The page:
Cumberland Trail Renamed For Sundquist Aide Justin Wilson

Monday, September 23, 2002

CROSSVILLE – Gov. Don Sundquist on Monday formally dedicated the Cumberland Trail, Tennessee’s 53rd state park and its only linear park, in a ceremony on Black Mountain in Cumberland County. Named by Sundquist as a state park in 1998, 40 percent of the 283-mile trail is now open to hikers.

“The Cumberland Trail has been the dream of Tennessee hikers and nature enthusiasts for over 30 years,” Sundquist said. “Today, thanks to the hard work of volunteers and public and private partners, that dream is now a reality.”

The ceremony was the culmination of the “Tennessee Walk,” a monthlong celebration of the Cumberland Trail led by Deputy to the Governor for Policy Justin P. Wilson. Wilson was joined by Sundquist and First Lady Martha Sundquist, volunteers, hikers, park rangers, local officials, scout groups and others while hiking over 100 miles of the trail in September.

“Justin Wilson has been an extremely effective and dedicated public servant in my administration, and has led state environmental policy for the past seven years” Sundquist said. “Today, I recognize his service to the people of Tennessee by formally renaming this park the Justin P. Wilson Cumberland Trail State Park.”

“I am deeply humbled by Governor Sundquist’s recognition,” Wilson said. “Governor Sundquist saw Cumberland Trail as a once-in-history opportunity to link natural areas, provide a scenic corridor for hikers, habitat for wildlife, and an economic and tourism engine for rural communities. We all owe him our thanks for supporting volunteers and creating this magnificent state park.”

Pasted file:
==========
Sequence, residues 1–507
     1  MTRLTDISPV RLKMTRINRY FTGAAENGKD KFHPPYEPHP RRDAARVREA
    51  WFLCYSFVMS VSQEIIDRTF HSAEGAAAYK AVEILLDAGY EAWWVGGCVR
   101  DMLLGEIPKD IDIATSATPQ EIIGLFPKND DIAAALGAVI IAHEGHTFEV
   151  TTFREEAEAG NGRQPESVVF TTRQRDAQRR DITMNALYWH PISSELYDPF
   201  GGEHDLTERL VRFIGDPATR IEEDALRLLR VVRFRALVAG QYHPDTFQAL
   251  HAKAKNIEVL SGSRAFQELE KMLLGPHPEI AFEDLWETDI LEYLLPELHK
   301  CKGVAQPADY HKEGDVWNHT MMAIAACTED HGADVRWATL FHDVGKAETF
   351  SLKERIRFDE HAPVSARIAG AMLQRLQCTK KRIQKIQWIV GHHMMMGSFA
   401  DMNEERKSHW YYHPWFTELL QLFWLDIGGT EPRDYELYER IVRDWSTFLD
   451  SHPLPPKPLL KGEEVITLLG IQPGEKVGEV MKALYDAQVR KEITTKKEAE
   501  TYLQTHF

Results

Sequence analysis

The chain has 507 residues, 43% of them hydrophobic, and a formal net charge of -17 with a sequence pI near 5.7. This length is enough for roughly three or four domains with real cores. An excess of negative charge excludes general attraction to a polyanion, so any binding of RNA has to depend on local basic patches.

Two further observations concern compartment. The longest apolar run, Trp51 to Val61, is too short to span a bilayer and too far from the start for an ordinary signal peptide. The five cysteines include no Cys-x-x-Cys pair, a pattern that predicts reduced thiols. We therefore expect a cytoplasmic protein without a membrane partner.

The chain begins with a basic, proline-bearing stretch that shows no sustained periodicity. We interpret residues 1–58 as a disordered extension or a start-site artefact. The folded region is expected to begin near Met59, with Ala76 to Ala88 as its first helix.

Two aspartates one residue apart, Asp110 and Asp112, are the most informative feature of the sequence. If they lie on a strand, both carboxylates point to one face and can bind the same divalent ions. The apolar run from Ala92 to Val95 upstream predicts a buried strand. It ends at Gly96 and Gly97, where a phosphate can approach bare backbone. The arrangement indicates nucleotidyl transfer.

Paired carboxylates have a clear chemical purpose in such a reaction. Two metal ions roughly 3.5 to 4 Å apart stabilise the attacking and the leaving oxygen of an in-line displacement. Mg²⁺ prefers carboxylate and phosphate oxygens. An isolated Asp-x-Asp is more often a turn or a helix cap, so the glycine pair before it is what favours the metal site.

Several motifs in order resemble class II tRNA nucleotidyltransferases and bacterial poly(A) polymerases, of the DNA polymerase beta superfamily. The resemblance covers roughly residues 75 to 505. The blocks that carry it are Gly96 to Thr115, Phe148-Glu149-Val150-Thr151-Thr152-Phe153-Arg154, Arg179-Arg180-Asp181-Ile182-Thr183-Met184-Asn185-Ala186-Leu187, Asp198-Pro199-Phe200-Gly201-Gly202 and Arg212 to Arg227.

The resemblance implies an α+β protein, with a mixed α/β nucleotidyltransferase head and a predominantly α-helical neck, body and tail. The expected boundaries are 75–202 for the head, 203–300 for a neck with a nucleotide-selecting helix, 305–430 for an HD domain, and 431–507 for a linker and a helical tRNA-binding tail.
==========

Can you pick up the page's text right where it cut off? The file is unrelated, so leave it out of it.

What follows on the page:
Wilson served as commissioner of the Tennessee Department of Environment and Conservation before becoming Deputy to the Governor for Policy in 1997. In that role, Wilson served as Sundquist’s chief policy advisor on a variety of issues. Wilson has attracted greatest notice through his leadership on environmental issues, where he created a broad-based workgroup to develop sound, science-based environmental policy.

Wilson secured a historic cleanup agreement and dedicated funds from the U.S. Department of Energy to clean up the legacy of the Cold War at Oak Ridge, and secured significant reductions of emissions of air pollutants from the Tennessee Valley Authority. He negotiated the donation of 13,000 acres and a $9 million trust fund for local water projects from TVA, and led numerous other efforts to secure donations of land to the state valued at $45 million. Wilson led negotiations to clean up the long-polluted Pigeon River and protected Fall Creek Falls State Park from surface mining He was named the Tennessee Conservation League’s “Conservationist of the Year” in 1997.

When complete, Justin P. Wilson Cumberland Trail State Park will stretch 283 miles across Tennessee, cutting through 11 counties from the Georgia-Alabama border to the Virginia-Kentucky border. The park is expected to be completed by 2008.